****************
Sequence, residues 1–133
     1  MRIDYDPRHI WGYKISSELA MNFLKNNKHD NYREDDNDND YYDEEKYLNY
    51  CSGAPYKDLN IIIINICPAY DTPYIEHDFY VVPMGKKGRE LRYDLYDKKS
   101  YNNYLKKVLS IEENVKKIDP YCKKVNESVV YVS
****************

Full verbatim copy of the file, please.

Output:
Sequence, residues 1–133
     1  MRIDYDPRHI WGYKISSELA MNFLKNNKHD NYREDDNDND YYDEEKYLNY
    51  CSGAPYKDLN IIIINICPAY DTPYIEHDFY VVPMGKKGRE LRYDLYDKKS
   101  YNNYLKKVLS IEENVKKIDP YCKKVNESVV YVS